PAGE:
'Longest Night' event remembers homeless who have passed on

By Erin Prater Updated: December 22, 2013 at 8:33 am • Published: December 21, 2013 | 9:10 pm 0
photo - Cristian Granados, 12, helped keep peoples candles lit during the annual "The Longest Night of the Year" Memorial Service at the Bijou House Memorial Garden in Colorado Springs, Colorado on Saturday, December 21, 2013.   (Kent Nishimura, The Gazette)
Cristian Granados, 12, helped keep peoples candles lit during the annual "The Longest Night of the Year" Memorial Service at the Bijou House Memorial Garden in Colorado Springs, Colorado on Saturday, December 21, 2013. (Kent Nishimura, The Gazette)

Ten-year-old Alicia Granados' hands shook violently as she knelt in the bitter cold darkness Saturday night behind the Bijou House, a shelter at 411 W. Bijou St. that offers hospitality and services to the homeless.

She was volunteering at an hour-long ceremony to memorialize 13 local homeless Springs people who died this year, as well as 65 more in Denver.

Her left hand, which shielded a candle she held with her right, shook so erratically that she sometimes jerked it away, lest it tremble its way into the flame.

Frigid winds repeatedly extinguished the candle that a woman in a wheelchair next to her held. And each time, Alicia the 10-year-old reignited it with hers.

"It's cold, but it's still fun listening and singing," said Alicia, who volunteers at the annual event because her grandfather, who runs a homeless shelter, speaks during it.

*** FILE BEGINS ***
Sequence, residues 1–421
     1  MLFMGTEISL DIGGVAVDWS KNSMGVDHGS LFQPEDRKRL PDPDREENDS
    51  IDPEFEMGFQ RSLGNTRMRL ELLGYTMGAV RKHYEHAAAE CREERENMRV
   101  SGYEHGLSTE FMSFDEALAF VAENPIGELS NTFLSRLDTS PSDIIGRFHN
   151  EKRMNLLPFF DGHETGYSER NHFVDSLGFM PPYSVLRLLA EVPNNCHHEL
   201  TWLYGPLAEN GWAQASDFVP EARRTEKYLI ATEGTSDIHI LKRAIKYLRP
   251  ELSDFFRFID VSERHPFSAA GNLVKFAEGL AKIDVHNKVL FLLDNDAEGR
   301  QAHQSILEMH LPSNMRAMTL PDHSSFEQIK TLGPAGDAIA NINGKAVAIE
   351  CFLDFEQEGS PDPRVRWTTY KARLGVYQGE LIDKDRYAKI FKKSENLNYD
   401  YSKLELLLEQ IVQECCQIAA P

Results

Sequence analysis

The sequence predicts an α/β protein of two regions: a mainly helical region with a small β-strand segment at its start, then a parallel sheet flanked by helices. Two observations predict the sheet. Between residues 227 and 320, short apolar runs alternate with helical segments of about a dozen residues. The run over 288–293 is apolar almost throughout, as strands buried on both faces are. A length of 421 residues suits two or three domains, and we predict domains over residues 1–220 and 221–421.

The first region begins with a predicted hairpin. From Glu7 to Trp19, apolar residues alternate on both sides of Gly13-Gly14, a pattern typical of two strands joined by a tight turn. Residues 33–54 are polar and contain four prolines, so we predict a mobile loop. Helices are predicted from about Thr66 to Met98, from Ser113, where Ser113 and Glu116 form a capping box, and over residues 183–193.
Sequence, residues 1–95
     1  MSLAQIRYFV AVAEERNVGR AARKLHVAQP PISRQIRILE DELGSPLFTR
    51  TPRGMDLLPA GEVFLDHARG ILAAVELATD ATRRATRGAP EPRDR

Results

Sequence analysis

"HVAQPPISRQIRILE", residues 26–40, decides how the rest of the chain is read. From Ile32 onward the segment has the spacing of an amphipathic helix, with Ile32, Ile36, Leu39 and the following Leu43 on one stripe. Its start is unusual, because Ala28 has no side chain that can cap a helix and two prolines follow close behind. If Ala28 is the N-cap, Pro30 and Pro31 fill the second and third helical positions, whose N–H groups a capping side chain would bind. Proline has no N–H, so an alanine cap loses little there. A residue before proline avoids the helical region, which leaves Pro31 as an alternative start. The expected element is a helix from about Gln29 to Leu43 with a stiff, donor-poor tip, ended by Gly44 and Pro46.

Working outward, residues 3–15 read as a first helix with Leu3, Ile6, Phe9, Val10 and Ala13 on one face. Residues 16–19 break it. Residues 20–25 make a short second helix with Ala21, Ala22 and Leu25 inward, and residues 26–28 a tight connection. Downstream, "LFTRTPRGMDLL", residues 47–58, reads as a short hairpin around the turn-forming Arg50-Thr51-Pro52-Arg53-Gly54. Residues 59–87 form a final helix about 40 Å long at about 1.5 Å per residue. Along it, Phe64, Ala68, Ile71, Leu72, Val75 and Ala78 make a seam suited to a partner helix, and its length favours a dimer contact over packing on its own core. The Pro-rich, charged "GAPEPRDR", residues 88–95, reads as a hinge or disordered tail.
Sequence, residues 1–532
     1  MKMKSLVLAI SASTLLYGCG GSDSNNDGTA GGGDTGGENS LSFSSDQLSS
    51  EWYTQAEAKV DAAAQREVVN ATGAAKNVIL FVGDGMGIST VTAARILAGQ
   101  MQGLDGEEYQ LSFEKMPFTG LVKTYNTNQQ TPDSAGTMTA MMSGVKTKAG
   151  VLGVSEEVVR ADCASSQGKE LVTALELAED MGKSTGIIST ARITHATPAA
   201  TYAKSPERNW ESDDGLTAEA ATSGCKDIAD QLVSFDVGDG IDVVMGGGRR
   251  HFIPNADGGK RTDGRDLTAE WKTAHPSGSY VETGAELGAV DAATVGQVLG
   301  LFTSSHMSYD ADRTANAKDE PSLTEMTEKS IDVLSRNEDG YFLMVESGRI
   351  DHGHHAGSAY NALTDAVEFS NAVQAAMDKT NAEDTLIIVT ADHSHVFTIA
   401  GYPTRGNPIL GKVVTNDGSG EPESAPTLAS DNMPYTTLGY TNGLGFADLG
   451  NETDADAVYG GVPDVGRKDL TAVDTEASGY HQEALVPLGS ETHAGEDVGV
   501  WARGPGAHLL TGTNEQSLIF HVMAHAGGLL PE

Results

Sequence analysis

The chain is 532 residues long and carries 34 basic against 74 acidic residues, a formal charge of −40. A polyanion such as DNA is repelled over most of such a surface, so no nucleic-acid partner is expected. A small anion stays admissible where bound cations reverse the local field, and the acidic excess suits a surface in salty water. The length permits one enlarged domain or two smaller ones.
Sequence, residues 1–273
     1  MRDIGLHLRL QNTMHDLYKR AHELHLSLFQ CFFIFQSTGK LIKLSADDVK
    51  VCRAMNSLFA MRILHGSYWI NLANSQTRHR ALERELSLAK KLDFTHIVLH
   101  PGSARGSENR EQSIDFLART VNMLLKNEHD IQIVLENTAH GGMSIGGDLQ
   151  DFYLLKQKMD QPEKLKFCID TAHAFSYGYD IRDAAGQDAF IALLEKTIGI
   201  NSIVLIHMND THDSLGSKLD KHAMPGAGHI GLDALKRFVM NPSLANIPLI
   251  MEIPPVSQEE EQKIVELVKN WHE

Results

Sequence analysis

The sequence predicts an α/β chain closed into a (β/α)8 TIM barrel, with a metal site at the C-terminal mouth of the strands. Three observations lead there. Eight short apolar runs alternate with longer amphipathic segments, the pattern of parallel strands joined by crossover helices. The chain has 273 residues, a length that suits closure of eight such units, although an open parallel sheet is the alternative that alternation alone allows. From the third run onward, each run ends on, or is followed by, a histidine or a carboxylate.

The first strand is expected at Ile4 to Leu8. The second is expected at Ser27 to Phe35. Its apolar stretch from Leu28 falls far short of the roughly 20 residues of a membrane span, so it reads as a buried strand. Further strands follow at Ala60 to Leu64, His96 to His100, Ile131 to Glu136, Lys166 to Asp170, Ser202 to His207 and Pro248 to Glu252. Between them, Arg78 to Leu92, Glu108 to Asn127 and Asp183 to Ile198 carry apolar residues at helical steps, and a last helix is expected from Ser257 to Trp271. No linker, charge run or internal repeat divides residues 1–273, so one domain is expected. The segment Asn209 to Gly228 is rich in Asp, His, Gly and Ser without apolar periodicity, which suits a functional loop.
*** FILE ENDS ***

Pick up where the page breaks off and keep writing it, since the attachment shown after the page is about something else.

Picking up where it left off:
Nearly 100 gathered for the ceremony, dubbed "The Longest Night," held at the memorial garden behind the Bijou House.

Temperatures hovered just below freezing as the homeless and sheltered alike prayed, sang and shared stories on what was, indeed, the longest night of the year, the winter solstice.

Cries of "we remember" punctuated homeless advocate Mary Lynn Sheetz's reading of a list of names of the deceased.

Sheetz said she hoped those in attendance who weren't homeless were inspired to effect change in the community.

"I hope they want to commit themselves to doing something - reflect, then go out and move toward action," said Sheetz, whose husband runs a homeless shelter.

Because their grandfather works with the homeless, poverty is never far from the minds of Alicia and her 12-year-old brother, Cristian Granados.

Still, Saturday's ceremony, held in bone-chilling weather, was an unsettling glimpse into the plight of local homeless individuals - even for Cristian.

"It brings you to Earth, brings you back down, realizing how sad it is that some people don't have homes," he said. "Today was what? An hour and a half that we sat outside, and I'm almost dead."

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